European Union leaders have finally clinched an unprecedented 1.82 trillion euro (£1.64 trillion) budget and coronavirus recovery fund.
The leaders finalised the agreement in Brussels in the early hours of Tuesday morning, finding unity after four days and nights of fighting and wrangling over money and power in one of the EU’s longest ever summits.
To confront the biggest recession in its history, officials said the EU had a consensus on a 750 billion euro (£677 billion) coronavirus fund to be sent as loans and grants to the countries hit hardest by the virus.
That comes on top of the seven-year one trillion euro (£900 billion) EU budget. At first the grants were to total 500 billion euro (£451 billion), but the figure was lowered to 390 billion euro (£352 billion).
German chancellor Angela Merkel said: “Extraordinary events, and this is the pandemic that has reached us all, also require extraordinary new methods.”
Belgian prime minister Sophie Wilmes said: “Never before did the EU invest in the future like this.”
“It is a historic day for Europe,” added French president Emmanuel Macron, who earlier reflected on some “extremely tense moments” during the marathon summit.
Just shy of being the longest EU summit in history, the 27 leaders huddled back in the main room of the Europa centre and bumped elbows and made jokes before giving the package the final approval.
“Deal!” wrote summit host Charles Michel on Twitter.
What was planned as a two-day summit scheduled to end on Saturday was forced into two extra days by deep ideological differences among the leaders.
But overall, spirits were high early Tuesday since the talks hit rock bottom on Sunday night.
The coronavirus has sent the EU into a tailspin, killing around 135,000 of its citizens and plunging its economy into an estimated contraction of 8.3% this year.
Spanish prime minister Pedro Sanchez insisted the adoption of an ambitious plan was required as the health crisis continued to threaten the continent.
With Mr Macron and Mrs Merkel negotiating as the closest of partners, the traditionally powerful Franco-German alliance could not get the quarrelling nations in line for long.
“The consequences will be historic,” Mr Macron said.
“We have created a possibility of taking up loans together, of setting up a recovery fund in the spirit of solidarity.”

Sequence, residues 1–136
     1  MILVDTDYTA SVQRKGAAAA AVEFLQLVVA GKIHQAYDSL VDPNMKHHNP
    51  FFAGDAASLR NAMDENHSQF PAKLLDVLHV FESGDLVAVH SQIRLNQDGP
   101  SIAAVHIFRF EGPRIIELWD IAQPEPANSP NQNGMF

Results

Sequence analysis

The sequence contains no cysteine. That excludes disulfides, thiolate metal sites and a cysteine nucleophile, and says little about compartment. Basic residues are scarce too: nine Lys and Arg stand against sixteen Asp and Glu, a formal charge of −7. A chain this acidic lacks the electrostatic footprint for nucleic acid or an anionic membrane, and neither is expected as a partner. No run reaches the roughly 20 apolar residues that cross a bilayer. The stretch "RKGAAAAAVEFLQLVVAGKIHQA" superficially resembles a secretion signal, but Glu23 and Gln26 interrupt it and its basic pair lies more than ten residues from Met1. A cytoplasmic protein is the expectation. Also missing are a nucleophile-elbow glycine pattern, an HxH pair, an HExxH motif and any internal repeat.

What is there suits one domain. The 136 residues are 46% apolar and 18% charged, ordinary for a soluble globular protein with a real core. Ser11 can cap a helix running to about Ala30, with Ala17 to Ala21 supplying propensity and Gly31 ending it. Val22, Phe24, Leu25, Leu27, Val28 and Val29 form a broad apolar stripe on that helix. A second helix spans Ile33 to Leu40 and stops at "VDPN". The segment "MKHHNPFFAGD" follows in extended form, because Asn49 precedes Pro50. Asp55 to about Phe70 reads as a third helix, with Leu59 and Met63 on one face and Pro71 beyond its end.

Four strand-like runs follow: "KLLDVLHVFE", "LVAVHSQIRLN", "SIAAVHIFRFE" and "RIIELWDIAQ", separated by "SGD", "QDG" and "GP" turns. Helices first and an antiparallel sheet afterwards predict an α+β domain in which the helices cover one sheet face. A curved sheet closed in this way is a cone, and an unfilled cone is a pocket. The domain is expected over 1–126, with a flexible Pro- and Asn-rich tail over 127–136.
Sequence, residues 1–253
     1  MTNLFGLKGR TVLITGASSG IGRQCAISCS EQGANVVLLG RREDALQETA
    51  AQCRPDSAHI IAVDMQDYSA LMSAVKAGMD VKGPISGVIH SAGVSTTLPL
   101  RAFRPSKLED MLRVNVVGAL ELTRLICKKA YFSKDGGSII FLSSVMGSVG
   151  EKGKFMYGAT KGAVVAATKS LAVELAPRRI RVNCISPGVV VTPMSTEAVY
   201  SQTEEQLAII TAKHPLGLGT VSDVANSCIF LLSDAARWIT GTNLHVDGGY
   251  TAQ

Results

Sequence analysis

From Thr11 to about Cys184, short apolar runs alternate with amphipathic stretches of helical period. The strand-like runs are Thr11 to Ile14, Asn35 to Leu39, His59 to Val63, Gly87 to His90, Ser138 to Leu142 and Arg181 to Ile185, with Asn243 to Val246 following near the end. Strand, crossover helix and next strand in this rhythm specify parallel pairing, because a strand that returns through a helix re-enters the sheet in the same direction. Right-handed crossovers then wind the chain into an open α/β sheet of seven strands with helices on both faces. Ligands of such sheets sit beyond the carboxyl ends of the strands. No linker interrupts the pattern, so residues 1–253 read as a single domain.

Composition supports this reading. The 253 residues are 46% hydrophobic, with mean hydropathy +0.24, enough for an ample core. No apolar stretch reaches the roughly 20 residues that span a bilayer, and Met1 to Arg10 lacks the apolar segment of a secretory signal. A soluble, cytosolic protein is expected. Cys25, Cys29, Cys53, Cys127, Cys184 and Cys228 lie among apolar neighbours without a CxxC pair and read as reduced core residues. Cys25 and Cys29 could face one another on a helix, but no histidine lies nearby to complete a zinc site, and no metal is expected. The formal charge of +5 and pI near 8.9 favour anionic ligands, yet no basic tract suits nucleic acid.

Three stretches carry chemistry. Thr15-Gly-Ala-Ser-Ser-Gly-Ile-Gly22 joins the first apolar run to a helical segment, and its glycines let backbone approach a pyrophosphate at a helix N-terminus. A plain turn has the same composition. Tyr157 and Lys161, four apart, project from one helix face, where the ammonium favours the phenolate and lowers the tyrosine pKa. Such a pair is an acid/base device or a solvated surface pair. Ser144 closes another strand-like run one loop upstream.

He said this sense of sharing debt that would have been unthinkable not so long ago.
The French leader added: “When Germany and France stand together, they can’t do everything. But if they don’t stand together, nothing is possible.”
And he challenged anyone in the world who had criticised the days of infighting to think of a comparable joint endeavour.
“There are 27 of us around the table and we managed to come up with a joint budget. What other political space in the world is capable of that? None other,” Mr Macron said.
Mrs Merkel said: “We have laid the financial foundations for the EU for the next seven years and came up with a response to this, arguably biggest crisis of the European Union.”
The leaders mulled a proposal from the five wealthy northern nations – the Netherlands, Austria, Finland, Sweden and Denmark – that suggested a coronavirus recovery fund with 350 billion euro of grants and the same amount in loans. The five nations, nicknamed “the frugals”, had long opposed any grants at all, while the EU executive had proposed 500 billion euro.
The latest compromise proposal stands at 390 billion euros in grants.
“There is no such thing as perfection, but we have managed to make progress,” Mr Macron said.
All nations agree in principle they need to band together but the five richer countries in the north want strict controls on spending. Struggling southern nations like Spain and Italy say those conditions should be kept to a minimum.
The five have been pushing for labour market and pension reforms to be linked to EU handouts, and for a “brake” enabling EU nations to monitor and, if necessary, halt projects that are being paid for by the recovery fund.
The summit at the Europa Centre revealed how the nations’ narrow self-interests trumped the common good for all to stand together and face a common adversary.
Rarely had a summit been as ill-tempered as this one, and it was the longest since a five-day meeting in France in 2000, when safeguarding national interests in institutional reforms proved a stumbling block.
However, considering every EU leader had the right of veto on the whole package, the joint commitment to invest and spend such funds can be seen as a success.
“We all can take a hit,” Dutch prime minister Mark Rutte said. “After all, there are presidents among us.”
Despite bruising confrontations with Mrs Merkel, Mr Macron and his Italian counterpart, Giuseppe Conte, Mr Rutte maintained that “we have very good, warm relations”.